Hip Labrum Impingement

Hip labrum impingement may occur when the ball and socket joint is unable to move smoothly within the joint. It is more frequently known as Femoral acetabular impingement (FAI). The ball and socket joint are lined with a layer of cartilage that assists in cushioning the femur bone into the socket, which allows free movement no grinding or rubbing within the joint, resulting in no pain. It is also lined with a ridge of cartilage called the labrum, this will keep the femoral head in its place inside the hip socket enabling extra stability.


The hip is a synovial joint more so known as a ball and socket joint. The ball of the joint is the femoral head (the upper part of the femur) more commonly known as the thigh bone. Within the socket is the acetabulum which is surrounded by the pelvis, this makes up the joint.

The surface of the ball and socket is protected by articular cartilage. This enables the bones in and around the joint to glide easily when performing everyday movements such as walking. The cartilage also helps prevent any friction around the surface of the joint avoiding any sort of impingement. Another feature around the joint is the hip labrum. This fibrocartilage labrum is found within the acetabulum, this enables stability to the joint as the hip has a large range of motion in movements such as flexion, extension, abduction, adduction and rotation.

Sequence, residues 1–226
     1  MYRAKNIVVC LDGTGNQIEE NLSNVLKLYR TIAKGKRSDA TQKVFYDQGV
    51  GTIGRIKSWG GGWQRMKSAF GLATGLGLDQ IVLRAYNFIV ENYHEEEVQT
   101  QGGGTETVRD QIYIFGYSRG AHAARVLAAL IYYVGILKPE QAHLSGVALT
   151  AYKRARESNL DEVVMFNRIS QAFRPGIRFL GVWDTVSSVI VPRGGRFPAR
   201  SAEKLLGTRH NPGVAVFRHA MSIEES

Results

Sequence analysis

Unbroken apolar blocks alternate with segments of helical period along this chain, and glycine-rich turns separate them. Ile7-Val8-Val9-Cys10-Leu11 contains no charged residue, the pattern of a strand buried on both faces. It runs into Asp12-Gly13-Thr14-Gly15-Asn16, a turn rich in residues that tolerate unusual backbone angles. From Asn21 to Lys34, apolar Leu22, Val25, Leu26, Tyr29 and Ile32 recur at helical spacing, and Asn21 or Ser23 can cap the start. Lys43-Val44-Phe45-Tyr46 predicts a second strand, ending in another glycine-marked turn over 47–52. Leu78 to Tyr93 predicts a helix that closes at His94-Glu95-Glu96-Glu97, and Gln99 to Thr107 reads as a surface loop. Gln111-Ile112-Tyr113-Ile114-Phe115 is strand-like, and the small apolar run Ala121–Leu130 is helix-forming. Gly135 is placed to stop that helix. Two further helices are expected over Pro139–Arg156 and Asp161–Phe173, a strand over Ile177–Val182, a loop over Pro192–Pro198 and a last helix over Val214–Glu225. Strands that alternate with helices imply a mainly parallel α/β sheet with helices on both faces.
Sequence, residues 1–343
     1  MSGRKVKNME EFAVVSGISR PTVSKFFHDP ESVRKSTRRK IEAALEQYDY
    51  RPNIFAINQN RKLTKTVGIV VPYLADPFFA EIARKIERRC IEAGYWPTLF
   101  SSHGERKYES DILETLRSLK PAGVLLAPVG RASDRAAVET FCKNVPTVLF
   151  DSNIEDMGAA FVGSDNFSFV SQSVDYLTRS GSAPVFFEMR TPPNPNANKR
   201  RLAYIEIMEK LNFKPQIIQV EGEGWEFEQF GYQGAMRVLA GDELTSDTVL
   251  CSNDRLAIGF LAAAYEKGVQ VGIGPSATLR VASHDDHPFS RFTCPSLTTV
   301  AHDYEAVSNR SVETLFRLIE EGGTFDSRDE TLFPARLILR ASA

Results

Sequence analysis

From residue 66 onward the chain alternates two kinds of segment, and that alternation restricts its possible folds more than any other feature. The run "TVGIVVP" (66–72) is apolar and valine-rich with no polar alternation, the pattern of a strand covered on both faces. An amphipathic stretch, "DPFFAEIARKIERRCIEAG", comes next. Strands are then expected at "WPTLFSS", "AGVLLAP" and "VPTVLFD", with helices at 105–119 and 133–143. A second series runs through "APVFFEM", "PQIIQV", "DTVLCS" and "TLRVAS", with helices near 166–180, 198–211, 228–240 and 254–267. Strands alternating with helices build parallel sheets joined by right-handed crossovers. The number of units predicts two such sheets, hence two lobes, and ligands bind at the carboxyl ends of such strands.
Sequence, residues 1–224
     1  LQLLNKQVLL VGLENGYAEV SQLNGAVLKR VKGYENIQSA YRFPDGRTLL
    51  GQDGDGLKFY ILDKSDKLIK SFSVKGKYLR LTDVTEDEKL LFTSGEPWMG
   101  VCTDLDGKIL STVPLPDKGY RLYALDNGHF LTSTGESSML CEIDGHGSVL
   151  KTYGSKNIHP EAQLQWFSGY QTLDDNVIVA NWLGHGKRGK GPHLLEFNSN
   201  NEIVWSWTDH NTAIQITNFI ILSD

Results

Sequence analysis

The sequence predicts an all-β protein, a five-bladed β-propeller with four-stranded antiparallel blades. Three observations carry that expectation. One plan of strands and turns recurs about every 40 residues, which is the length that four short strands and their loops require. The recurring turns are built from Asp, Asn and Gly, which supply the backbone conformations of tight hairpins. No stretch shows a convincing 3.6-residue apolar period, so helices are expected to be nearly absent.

Common causes of hip impingement are triggered by the femoral head being covered too much by the hip socket. Repetitive grinding at this joint leads to cartilage and labral damage, causing the feeling of impingement.

Other factors that may affect an individual to suffer with labrum impingement could be that individual may have been born with a structurally abnormal ball and socket joint. Also, movements that involve repetition of the leg moving into excessive range of motion may aid in the injury of hip labrum impingement.


Some common Hip Labrum impingement symptoms are as follows:

  • Stiffness in the hip or groin region
  • Reduced flexibility
  • Pain when performing exercise such as running, jumping movements and walking
  • Groin area pain, especially after the hip is placed into flexion
  • Pain in surrounding areas such as lower back and the groin
  • Pain in the hip even when resting


When you go to visit your doctor/ health care professional about hip complications they may talk about two main types of hip impingement:

  • Cam impingement
  • Pincer impingement

Cam impingement “occurs because the ball-shaped end of the femur (femoral head) is not perfectly rounded. This interferes with the femoral head’s ability to move smoothly within the hip socket”. 

Pincer impingement “involves excessive coverage of the femoral head by the acetabulum. With hip flexion motion, the neck of the femur bone “bumps” or impinges on the rim of the deep socket. This results in cartilage and labral damage”.

Unfortunately, both these two types can happen at the same time, more so known as combined impingement. Which may cause an individual to experience a lot of pain and discomfort.


The diagnosis of hip impingement will be given by a doctor based on how you describe your symptoms and after performing a physical examination of the hip.

A passive motion special test that is commonly used for hip impingement is called the FADIR (flexion, adduction and internal rotation). This is where the patient will lie in supine position (on their back) with the legs relaxed, then the doctor will carry out the test:

  1. The affected leg will be raised so that the knee and hip are at a 90-degree angle